It might be the most user-friendly Mitsubishi Lancer Evolution ever built and quite possibly the last of the famous rally-bred, street-legal lineage, but the Evolution X still goes like a scalded cat and does corners at impossible speeds.
The Evo - as it is more widely known - gained legendary status in the 1990s when Finnish rally driver Tommy Makinen won four World Rally Championships in a special WRC edition of the Evo. They even built a special edition Lancer Evolution in honour of the driver - the Tommi Makinen Edition, also known as the Evo VI.
The current-generation Mitsubishi Lancer Evolution X first graced Australian shores in 2008, a year after it captivated the crowds at its unveiling in Japan.
Physically, there have been no discernable changes to the current Evo over the ensuing years, apart from new side air dams introduced on the 2010 model year.
A few minor tech updates and interior revisions across the 2011/2012 editions were about the extent of it.
And so it’s no great surprise that Mitsubishi has maintained the same formula for the 2013 Evo update, with no mechanical or exterior revisions.
What they have done is add value with a substantial price cut across the Evolution range of up to $8900, along with a new audio system featuring a standard fit 6.1-inch screen with Bluetooth connectivity and a rear camera.
The range-topping MR edition we tested receives Mitsubishi’s new Multimedia Communication System with a 7-inch touchscreen, voice-activated Bluetooth and satellite navigation with 3D mapping.
Our Mitsubishi Lancer Evolution X MR is essentially a speced-up version of the Evo X and gains additional gear such as Brembo two-piece front brakes, front and rear Bilstein shocks with Eibach springs, HID headlamps with adaptive front lighting, 18-inch BBS forged alloy wheels, heated leather front seats and a Rockford Fosgate audio system with nine speakers including a boot-mounted subwoofer of some size.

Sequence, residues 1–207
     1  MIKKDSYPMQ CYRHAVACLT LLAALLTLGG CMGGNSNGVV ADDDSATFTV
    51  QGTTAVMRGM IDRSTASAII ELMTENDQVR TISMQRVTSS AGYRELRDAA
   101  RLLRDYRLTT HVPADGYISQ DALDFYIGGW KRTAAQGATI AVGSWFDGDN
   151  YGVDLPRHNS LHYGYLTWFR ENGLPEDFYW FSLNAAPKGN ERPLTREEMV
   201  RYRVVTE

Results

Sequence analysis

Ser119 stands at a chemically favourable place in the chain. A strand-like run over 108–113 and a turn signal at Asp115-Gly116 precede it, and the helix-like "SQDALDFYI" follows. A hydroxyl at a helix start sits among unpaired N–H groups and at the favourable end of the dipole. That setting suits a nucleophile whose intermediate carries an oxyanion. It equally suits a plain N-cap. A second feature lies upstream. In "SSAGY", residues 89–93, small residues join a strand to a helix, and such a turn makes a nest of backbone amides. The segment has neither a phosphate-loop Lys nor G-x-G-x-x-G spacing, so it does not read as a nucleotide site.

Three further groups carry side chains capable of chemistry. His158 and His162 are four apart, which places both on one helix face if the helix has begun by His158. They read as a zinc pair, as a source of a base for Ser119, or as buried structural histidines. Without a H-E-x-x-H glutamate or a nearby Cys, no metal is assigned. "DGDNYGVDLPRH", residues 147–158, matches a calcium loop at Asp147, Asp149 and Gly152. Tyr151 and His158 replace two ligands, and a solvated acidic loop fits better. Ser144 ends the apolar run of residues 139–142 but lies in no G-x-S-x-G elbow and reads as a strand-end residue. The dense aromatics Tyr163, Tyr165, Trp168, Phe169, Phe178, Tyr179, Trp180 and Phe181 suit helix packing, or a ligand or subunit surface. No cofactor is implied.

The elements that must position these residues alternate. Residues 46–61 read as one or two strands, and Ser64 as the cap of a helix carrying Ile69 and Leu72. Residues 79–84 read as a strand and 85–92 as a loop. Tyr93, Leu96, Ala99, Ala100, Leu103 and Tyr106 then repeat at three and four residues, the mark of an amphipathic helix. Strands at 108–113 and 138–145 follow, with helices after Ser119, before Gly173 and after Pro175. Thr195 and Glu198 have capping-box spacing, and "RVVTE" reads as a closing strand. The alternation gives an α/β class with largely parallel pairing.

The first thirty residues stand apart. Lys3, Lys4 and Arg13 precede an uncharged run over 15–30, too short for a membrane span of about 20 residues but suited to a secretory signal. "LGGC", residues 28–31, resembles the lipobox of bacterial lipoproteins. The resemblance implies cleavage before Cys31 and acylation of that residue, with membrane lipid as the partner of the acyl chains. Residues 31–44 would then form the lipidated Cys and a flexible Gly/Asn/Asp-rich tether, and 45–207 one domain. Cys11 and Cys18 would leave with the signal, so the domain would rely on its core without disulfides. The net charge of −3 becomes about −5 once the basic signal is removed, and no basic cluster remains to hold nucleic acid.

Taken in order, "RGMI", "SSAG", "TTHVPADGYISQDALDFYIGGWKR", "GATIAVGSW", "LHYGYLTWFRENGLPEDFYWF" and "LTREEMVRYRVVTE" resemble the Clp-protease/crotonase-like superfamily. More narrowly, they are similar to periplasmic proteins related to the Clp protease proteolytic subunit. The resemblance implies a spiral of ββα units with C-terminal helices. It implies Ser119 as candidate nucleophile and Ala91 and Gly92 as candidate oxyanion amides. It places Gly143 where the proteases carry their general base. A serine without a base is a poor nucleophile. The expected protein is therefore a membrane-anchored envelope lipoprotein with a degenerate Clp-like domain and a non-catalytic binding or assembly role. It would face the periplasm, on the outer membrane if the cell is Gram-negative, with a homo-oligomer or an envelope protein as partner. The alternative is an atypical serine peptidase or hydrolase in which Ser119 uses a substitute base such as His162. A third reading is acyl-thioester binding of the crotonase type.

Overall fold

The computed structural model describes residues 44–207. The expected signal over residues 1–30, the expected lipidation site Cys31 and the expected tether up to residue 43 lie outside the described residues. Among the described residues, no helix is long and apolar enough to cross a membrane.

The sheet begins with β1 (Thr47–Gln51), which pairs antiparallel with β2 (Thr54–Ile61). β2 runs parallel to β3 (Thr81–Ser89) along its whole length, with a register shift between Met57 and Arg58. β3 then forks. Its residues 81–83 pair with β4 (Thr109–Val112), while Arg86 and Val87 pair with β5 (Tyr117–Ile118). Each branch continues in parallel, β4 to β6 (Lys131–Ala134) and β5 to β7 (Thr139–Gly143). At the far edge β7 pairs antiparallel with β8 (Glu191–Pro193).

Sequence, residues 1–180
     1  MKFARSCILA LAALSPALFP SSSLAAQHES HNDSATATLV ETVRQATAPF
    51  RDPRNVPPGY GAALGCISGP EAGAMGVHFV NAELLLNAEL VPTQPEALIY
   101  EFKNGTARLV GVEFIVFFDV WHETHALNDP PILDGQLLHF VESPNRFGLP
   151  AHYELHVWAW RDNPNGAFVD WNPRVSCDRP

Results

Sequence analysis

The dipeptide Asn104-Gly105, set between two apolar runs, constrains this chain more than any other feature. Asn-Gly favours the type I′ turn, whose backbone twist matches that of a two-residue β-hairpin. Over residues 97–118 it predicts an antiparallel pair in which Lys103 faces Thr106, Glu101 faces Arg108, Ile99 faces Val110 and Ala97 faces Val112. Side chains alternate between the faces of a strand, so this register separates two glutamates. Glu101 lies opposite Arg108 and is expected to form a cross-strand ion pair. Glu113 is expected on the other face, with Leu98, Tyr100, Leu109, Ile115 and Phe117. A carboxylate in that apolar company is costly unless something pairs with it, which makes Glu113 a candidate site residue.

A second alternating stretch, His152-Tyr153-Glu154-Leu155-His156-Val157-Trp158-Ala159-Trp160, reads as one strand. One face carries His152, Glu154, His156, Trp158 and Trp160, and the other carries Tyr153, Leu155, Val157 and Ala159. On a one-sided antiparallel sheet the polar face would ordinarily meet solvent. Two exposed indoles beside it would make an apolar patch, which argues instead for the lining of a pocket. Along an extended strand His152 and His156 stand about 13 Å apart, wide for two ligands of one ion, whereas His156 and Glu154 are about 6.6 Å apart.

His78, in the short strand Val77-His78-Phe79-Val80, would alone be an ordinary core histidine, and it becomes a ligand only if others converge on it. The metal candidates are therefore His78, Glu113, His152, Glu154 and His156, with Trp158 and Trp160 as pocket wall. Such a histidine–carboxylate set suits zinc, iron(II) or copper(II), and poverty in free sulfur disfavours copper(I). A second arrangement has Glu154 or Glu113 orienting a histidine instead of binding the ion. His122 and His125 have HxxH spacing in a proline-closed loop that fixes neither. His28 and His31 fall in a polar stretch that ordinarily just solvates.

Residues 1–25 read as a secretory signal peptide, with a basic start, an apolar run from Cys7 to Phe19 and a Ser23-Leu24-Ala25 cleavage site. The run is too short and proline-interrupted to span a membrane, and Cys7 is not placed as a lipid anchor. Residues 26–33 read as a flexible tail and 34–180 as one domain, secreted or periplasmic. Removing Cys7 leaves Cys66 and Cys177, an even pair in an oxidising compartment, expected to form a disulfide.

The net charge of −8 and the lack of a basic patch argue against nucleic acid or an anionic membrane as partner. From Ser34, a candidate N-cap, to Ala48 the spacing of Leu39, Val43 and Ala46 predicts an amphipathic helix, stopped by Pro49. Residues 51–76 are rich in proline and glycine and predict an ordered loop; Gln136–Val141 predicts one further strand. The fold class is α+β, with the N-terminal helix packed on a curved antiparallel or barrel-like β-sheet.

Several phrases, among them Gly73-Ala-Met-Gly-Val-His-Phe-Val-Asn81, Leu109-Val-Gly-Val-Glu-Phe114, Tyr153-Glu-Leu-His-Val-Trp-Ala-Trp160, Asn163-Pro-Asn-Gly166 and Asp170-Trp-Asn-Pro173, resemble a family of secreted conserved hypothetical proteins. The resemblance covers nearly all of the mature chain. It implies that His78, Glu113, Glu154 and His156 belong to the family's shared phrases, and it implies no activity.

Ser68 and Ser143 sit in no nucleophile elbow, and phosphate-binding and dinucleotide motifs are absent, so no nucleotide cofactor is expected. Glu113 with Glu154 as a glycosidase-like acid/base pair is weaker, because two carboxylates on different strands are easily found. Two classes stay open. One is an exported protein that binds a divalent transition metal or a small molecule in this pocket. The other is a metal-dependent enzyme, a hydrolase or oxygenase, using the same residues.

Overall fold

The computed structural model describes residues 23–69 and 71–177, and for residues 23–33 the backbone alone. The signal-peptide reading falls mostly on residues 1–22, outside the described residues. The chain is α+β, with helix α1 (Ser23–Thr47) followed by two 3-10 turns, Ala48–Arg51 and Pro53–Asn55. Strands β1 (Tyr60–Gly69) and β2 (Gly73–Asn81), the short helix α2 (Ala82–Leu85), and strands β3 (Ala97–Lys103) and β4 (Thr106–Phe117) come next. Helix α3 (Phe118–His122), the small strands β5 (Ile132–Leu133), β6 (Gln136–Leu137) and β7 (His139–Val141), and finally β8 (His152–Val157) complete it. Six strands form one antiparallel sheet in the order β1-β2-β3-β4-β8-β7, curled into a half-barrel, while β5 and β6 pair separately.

That might seem like a fair bit of kit over and above the standard inventory on board the Evolution – inventory that includes full Recaro bucket seats, automatic climate control, power door mirrors with electric fold and auto-on headlamps and rain-sensing wipers. But the Mitsubishi Evo’s interior is otherwise a collection of hard-touch plastics with the odd chrome-look highlight.
It’s certainly not what you’d expect to find in a four-door sedan priced at $65,990 before on road costs. However, it is still significantly better than its Evo IX predecessor when it comes to interior trim and standard kit.
Traditionally, though, Evo buyers have been less concerned about the look and feel of the cockpit than with what lies under the bonnet.